Longmont's medical marijuana dispensaries close down as judge refuses to block ban

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Jun 21, 2007
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A Boulder County District Court judge refused to stop Longmont from enforcing its ban of medical marijuana businesses today, denying the city's dispensaries a preliminary injunction in their lawsuit.

"Turn off the ‘Open' sign," Longmont Apothecary manager Jason Hicks said softly into a cell phone after Judge Ingrid Bakke's ruling. Bakke found that the dispensaries did not have a constitutional right to operate under Amendment 20 of the Colorado Constitution, nor a protected propety interest that could be guarded by an injunction.

The judge acknowledged that the decision would hurt the dispensaries, one of which testified that it had spent two years developing some of the marijuana strains it would now have to let go.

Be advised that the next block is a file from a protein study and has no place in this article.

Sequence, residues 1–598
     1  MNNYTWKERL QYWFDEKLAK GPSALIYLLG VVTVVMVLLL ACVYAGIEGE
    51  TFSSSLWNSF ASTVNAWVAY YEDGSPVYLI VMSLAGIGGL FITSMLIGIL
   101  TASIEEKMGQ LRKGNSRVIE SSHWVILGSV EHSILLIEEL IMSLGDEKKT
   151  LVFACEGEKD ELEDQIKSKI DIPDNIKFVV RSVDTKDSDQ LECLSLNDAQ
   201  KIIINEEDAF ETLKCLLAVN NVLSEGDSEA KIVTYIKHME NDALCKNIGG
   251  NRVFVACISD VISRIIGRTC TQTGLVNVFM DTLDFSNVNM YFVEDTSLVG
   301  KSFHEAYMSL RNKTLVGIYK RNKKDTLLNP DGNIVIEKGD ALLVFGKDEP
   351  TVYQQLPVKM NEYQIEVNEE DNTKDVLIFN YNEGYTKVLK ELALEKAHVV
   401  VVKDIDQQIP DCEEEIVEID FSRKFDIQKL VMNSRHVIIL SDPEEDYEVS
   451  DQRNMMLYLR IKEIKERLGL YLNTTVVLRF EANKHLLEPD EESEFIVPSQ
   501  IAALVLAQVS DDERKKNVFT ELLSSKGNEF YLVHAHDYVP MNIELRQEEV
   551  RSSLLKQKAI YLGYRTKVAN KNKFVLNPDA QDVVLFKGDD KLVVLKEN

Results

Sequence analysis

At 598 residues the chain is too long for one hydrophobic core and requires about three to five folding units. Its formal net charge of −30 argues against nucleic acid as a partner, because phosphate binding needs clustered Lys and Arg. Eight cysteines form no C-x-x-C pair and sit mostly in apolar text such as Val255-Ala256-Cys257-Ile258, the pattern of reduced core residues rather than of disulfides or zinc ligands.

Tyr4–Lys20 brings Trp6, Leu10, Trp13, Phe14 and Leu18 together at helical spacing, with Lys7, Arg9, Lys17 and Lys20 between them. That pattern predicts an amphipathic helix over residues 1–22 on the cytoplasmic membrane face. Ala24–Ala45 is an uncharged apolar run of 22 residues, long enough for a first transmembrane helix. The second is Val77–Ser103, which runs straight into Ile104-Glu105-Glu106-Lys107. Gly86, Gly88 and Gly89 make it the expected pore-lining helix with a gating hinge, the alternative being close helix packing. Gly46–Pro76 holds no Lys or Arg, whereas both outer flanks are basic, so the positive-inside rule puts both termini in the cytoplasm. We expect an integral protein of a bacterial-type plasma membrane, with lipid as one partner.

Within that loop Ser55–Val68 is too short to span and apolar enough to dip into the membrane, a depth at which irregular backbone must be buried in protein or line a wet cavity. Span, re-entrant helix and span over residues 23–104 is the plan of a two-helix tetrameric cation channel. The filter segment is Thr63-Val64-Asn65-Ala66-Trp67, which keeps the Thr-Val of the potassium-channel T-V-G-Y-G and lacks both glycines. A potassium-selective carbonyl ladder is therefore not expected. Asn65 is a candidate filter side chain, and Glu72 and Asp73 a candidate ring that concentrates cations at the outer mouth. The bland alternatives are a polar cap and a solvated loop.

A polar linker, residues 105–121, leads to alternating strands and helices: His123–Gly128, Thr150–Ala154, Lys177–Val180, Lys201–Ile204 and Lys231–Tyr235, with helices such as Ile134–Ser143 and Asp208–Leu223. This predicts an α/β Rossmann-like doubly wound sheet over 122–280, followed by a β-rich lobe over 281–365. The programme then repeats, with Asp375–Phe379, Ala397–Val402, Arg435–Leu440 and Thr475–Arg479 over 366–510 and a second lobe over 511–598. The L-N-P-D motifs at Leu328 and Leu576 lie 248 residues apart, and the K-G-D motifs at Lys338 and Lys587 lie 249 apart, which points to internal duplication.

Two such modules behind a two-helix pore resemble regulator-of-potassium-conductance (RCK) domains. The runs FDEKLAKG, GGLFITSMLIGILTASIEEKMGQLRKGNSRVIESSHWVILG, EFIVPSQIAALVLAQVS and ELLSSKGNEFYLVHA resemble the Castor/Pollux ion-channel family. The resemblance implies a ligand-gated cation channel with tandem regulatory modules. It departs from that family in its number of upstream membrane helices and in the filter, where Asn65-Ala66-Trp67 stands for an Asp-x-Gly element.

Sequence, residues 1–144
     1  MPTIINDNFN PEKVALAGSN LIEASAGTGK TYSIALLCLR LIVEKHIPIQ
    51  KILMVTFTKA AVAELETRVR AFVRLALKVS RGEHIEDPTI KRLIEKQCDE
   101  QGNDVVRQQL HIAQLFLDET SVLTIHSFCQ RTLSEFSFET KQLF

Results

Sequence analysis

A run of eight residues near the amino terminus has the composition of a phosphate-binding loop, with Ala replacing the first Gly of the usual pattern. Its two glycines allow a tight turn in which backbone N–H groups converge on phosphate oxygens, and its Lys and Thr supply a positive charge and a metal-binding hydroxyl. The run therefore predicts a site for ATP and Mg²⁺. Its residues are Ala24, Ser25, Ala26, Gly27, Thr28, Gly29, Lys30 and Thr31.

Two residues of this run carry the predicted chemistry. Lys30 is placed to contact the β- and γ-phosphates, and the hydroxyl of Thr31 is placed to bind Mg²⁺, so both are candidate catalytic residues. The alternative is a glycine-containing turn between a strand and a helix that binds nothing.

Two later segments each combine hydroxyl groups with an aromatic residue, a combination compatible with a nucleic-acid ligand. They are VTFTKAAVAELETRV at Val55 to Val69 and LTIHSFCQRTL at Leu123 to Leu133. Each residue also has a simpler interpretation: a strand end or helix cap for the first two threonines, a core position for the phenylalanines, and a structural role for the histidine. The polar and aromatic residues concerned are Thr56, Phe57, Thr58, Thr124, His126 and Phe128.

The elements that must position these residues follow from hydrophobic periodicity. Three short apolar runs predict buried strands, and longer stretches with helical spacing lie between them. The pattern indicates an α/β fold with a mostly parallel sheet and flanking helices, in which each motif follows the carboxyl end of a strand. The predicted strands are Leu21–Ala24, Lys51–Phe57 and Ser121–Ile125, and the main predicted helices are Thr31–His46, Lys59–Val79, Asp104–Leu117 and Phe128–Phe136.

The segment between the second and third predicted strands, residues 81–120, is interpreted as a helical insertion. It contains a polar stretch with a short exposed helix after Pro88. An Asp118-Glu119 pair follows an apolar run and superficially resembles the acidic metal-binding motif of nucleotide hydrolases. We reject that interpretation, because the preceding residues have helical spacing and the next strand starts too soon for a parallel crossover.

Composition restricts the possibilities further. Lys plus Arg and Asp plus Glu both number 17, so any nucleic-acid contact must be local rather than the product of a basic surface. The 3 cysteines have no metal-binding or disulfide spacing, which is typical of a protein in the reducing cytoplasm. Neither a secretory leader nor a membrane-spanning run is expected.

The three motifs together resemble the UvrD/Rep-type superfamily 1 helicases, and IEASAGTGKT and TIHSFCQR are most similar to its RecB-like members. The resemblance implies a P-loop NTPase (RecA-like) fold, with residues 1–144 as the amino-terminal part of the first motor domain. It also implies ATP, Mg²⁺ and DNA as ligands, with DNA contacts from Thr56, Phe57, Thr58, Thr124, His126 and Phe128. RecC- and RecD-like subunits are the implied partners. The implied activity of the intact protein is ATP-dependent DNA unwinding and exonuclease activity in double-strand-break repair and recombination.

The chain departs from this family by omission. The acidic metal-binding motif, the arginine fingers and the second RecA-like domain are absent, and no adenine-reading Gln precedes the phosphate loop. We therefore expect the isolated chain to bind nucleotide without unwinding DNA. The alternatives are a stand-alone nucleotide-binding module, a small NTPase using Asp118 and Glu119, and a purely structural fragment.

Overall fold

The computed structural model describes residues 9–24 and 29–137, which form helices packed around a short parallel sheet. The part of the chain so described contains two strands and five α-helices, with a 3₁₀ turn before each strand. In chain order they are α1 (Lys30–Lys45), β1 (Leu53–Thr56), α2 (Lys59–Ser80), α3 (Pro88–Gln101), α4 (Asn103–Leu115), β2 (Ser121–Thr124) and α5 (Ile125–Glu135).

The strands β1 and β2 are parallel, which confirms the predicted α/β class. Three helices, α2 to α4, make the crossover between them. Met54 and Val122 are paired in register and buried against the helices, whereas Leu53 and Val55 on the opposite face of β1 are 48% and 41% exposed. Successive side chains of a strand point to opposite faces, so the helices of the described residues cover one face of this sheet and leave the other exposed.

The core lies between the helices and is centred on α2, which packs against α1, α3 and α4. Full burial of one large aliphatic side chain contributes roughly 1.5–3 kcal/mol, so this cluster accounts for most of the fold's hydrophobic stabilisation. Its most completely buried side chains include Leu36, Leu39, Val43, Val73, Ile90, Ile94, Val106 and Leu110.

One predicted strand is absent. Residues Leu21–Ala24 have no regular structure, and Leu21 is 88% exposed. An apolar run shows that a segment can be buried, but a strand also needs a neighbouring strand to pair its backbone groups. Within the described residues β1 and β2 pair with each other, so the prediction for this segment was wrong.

"I very much sympathize with you," Bakke said, "but you are very much victims of developing law that even to this day is in a very gray area."

Longmont City Atttorney Eugene Mei said afterward that he was pleased with the judge's ruling, which will allow the city's ban to go forward. The City Council banned marijuana-related businesses in May, originally to take effect July 1. The actual date was delayed for over a month and a half, first by a failed attempt to put the ban on the November ballot as a referendum, and then by the lawsuit and a temporary restraining order.

"We had a strategy," Mei said. "We implemented a strategy. And today is the day – at least for now – that the strategy has come to fruition."


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